Jacob R. Brown

Jacob R. Brown

Postdoctoral Fellow, Princeton University (2022-2023)

To be Assistant Professor of Political Science, Boston University (2023-)

Jacob R. Brown

I am a political scientist studying political behavior in American politics, with particular interest in how geography and group identity structure political behavior. My work investigates the behavioral consequences of geographic partisan polarization: how living in increasingly homogeneous partisan environments influences voters’ political affiliations, attitudes, and civic engagement. To this end, I develop data on the partisan residential exposure of every voter in the United States over the past decade, leveraging precise information on each voter's residential location, partisan affiliation, and political behavior. With these data I present new evidence on the extent and causes of partisan sorting in the United States and test new theories of how where Democrats and Republicans live in relation to one another influences political behavior.

Selected Working Papers

Partisan Conversion Through Neighborhood Influence: How Voters Adopt the Partisanship of their Neighbors and Reinforce Geographic Polarization. (Supporting Information). Revise and Resubmit, American Political Science Review. [Covered by the New York Times].
Abstract Recent studies show that American neighborhoods have become politically homogeneous, raising concerns about how geographic polarization divides parties and influences voters. I argue that voters are influenced by the politics of the people they live near when determining their own partisan registration, adopting the partisanship of their neighbors. Panel data on over 41 million voters from 2008-2020 and an original survey of 24,623 respondents demonstrate that exposure to partisan neighbors increases the likelihood of switching registration to match local partisanship. Neighbor effects represent large increases over baseline probabilities of switching parties and are a small contributing factor to increasing geographic polarization. Survey data support mechanisms of social influence: voters accurately perceive local partisanship, interact more with partisans they live near, are more comfortable when their partisanship matches neighbors' political affiliations. Partisanship is thus shaped by where voters live, and this conversion reinforces ongoing political segregation.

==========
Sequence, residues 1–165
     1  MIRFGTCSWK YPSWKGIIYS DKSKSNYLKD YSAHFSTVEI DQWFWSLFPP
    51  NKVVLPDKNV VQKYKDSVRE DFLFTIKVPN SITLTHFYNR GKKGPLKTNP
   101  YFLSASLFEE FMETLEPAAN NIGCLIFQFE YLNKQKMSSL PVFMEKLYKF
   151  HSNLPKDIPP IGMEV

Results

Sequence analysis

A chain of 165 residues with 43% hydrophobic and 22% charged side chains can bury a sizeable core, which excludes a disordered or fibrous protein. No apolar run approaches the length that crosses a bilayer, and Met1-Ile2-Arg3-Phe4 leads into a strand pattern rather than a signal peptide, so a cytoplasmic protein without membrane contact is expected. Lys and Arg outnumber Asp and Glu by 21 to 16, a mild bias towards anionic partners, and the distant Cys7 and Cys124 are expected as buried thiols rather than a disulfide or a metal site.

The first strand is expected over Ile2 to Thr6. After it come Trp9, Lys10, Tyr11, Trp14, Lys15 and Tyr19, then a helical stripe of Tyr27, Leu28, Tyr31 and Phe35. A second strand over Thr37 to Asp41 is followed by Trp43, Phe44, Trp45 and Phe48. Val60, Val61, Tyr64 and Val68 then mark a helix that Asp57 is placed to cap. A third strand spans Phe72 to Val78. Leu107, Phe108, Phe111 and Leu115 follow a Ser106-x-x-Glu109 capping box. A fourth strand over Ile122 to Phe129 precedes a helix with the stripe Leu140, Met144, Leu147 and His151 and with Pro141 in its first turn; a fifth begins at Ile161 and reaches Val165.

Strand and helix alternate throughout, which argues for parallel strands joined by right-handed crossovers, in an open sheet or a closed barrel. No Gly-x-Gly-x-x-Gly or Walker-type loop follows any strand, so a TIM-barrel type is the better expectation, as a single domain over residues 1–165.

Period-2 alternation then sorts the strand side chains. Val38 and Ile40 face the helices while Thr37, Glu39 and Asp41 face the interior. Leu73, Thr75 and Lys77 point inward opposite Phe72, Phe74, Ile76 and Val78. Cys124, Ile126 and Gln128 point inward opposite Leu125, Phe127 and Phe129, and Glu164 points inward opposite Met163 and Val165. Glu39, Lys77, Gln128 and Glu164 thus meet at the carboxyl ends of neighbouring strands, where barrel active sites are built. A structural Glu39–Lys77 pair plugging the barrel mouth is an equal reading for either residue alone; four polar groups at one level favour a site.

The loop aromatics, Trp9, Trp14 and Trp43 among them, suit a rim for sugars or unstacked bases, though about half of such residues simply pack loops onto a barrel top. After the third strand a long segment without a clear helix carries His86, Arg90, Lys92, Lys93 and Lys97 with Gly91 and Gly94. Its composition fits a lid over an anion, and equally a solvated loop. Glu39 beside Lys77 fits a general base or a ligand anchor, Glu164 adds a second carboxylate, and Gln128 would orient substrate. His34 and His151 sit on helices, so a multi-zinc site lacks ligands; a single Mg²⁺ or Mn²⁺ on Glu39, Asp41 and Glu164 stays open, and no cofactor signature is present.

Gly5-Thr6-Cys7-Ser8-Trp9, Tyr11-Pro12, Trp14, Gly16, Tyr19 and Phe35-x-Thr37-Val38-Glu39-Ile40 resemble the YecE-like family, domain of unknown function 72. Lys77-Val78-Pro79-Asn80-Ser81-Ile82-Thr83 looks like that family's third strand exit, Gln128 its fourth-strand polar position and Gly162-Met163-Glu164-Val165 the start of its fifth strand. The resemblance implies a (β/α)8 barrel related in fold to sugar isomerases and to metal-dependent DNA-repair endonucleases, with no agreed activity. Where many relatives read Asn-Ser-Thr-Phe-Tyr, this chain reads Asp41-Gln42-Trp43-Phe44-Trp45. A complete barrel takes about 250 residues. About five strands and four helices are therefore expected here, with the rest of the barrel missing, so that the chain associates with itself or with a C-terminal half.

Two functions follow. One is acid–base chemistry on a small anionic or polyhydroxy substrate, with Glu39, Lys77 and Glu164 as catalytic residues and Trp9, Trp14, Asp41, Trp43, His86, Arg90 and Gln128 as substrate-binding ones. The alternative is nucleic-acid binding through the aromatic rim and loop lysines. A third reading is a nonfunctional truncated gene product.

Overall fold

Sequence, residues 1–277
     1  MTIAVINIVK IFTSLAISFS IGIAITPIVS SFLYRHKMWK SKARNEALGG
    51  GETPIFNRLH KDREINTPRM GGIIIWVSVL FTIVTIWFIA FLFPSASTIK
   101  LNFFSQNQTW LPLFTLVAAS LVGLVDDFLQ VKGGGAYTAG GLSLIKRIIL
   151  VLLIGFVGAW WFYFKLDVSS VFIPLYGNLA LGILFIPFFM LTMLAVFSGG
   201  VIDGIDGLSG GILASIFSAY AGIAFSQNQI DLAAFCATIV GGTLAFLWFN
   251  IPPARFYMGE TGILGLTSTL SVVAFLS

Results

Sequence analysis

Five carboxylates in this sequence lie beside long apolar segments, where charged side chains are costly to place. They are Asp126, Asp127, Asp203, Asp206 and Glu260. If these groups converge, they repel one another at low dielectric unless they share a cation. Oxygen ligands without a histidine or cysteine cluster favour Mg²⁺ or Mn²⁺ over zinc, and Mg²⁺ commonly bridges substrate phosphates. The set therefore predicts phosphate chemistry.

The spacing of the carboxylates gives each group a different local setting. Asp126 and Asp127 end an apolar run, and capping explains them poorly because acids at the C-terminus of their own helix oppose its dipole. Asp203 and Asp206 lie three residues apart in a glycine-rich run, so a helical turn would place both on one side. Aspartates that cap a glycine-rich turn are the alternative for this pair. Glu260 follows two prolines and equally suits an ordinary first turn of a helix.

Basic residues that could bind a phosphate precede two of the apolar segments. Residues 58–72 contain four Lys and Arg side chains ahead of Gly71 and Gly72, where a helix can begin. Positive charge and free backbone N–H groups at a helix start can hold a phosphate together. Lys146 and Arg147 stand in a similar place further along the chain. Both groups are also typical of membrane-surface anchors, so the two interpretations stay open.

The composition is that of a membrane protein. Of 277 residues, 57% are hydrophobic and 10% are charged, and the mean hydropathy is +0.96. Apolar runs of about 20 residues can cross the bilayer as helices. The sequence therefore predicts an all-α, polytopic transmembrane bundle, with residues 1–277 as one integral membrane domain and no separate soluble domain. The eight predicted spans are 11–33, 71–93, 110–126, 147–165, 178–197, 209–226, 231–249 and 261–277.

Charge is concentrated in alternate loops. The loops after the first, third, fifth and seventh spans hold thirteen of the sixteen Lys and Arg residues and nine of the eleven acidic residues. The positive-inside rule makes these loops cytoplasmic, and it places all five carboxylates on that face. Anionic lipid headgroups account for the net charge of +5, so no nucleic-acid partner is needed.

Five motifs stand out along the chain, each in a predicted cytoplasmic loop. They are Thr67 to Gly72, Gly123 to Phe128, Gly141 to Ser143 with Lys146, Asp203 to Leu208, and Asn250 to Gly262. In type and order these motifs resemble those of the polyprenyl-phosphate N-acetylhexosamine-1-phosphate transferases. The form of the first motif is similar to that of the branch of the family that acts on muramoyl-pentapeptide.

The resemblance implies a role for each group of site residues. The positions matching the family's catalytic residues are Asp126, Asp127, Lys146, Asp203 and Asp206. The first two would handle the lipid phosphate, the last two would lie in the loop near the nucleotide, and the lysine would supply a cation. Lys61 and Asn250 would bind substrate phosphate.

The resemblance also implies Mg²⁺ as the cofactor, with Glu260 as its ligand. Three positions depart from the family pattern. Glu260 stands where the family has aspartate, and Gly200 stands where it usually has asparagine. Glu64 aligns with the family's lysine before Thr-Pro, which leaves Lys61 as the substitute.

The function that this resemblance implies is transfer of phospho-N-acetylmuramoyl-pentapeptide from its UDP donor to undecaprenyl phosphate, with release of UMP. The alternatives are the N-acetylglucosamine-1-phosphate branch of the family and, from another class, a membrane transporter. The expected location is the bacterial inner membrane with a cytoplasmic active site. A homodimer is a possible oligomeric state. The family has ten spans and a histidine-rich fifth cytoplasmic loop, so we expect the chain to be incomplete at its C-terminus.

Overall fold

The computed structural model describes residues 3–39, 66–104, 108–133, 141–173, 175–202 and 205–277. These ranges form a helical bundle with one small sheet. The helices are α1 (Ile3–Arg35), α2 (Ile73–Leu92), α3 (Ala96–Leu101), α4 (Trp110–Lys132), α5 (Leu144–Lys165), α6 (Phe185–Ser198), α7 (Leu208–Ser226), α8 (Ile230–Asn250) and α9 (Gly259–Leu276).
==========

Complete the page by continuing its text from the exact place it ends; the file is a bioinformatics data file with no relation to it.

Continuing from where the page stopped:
The Obama Effect? Race, First-time Voting, and Future Participation. (Supporting Information). Under Review.
Abstract Did the 2008 United States election produce stronger future mobilization for Blacks than non-Blacks? First-time voting influences long-term political behavior, but do minority voters see the most powerful effects when the formative election is tied to their group’s political empowerment? I test this hypothesis in the context of the election of the first Black president in United States history, using voting eligibility discontinuities to identify the effect of voting in 2008 on future voting for Blacks, Hispanics, and Whites. Voting in 2008 caused a greater increase in the likelihood of voting in 2010 for Blacks than for other new voters, but there is no evidence of a sustained mobilizing advantage in subsequent elections. Furthermore, 2008 was not a unique formative voting experience for new Black voters, but rather produced similar effects on future voting as other presidential elections. These results signal that group political empowerment does not influence the effect of first-time voting experiences on future political participation.

Measuring and Modeling Neighborhoods. (with Cory McCartan and Kosuke Imai). (Survey tool). Under Review.